9,597 Population
9 Violent Crimes
76 Property Crimes

5. PULLMAN

With about 32,174 residents, Pullman ain't no tiny backwoods town. Named after the industrialist George Pullman, the town is known as a fertile agricultural area that produces wheat and legumes. It has also been acknowledged by publications as a great place to raise kids and is one of the safest cities in the state, seeing just 1.03 violent crimes and 8.58 property crimes per 1,000 people last year. Pullman is home to Washington State University, which enrolls 29,686 students and offers programs that focus on chemical engineering, agriculture, and pharmacy, among others. Meanwhile, the University of Idaho is just eight miles away, which has 10,474 students at its Moscow campus.

33,174 Population
33 Violent Crimes
276 Property Crimes

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The Top 50 Safest Cities in Washington, 2017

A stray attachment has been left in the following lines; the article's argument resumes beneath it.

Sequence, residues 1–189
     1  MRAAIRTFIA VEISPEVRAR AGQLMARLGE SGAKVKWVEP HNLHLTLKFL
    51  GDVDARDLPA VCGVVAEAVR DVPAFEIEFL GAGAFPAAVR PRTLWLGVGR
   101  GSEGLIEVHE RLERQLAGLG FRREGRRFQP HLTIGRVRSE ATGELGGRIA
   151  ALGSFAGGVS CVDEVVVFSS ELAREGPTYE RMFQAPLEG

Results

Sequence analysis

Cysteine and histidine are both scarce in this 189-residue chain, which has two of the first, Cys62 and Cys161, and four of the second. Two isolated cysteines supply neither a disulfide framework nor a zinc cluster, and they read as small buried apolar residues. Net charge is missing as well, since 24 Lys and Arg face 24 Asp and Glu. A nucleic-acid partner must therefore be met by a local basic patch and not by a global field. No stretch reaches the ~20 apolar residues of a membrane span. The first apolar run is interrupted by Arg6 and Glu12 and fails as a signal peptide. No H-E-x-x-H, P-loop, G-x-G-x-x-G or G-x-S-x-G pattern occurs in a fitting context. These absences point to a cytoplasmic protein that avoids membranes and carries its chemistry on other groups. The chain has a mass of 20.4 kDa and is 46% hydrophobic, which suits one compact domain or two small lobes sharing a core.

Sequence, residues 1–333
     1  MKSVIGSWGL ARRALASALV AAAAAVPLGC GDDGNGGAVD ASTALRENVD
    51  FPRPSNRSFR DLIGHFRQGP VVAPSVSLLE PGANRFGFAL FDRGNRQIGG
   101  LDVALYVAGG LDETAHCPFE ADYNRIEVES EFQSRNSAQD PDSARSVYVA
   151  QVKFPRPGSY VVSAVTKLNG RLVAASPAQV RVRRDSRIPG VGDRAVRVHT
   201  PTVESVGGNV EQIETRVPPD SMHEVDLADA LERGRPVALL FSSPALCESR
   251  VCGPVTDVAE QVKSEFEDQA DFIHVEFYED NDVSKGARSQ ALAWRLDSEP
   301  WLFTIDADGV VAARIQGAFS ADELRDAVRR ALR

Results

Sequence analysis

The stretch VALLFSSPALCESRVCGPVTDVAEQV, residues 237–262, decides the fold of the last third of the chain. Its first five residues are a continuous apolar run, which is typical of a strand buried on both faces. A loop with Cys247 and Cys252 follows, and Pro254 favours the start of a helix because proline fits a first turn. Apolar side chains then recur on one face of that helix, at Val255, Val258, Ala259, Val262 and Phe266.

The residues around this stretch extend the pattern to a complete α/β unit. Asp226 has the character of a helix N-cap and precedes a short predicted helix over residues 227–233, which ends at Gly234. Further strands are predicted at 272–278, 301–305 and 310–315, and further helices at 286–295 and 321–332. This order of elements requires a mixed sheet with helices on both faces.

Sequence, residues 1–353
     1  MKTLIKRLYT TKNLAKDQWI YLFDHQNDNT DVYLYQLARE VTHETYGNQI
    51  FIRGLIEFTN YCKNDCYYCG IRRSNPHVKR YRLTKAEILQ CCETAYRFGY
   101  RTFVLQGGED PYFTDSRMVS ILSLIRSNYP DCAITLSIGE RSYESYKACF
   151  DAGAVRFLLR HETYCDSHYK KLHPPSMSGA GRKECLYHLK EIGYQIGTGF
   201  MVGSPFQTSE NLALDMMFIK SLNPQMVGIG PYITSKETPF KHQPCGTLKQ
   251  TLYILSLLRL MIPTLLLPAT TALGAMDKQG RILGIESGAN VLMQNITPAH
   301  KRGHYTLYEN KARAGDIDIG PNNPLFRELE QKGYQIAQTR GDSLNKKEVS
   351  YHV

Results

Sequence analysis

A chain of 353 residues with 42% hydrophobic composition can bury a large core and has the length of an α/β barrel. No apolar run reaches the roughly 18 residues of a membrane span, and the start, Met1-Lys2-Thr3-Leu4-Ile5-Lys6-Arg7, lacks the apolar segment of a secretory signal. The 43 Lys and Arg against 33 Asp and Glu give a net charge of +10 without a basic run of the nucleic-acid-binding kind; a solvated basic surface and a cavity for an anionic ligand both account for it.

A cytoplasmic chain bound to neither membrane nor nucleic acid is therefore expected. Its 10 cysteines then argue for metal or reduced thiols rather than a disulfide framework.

1. Duvall

11. Brier

21. Prosser

31. Washougal

41. Richland

2. Sammamish

12. Steilacoom

22. Grandview

32. Battle Ground

42. Sunnyside

3. Connell

13. Bainbridge Island

23. Kirkland

33. Lake Stevens

43. Ocean Shores

4. DuPont

14. Orting

24. Mercer Island

34. Ferndale

44. Fircrest

5. Pullman

15. Kenmore

25. Mill Creek

35. Pasco

45. Enumclaw

6. Lynden

16. Liberty Lake

26. Normandy Park

36. Bonney Lake

46. Edmonds

7. Selah

17. Camas

27. Lake Forest Park

37. Shoreline

47. Mukilteo

8. West Richland

18. Ridgefield

28. Newcastle

38. University Place

48. Mountlake Terrace

9. Oak Harbor

19. Maple Valley

29. Buckley

39. Stanwood

49. Bothell

10. Snoqualmie

20. Pacific

30. Edgewood

40. Cheney

50. Issaquah

METHODOLOGY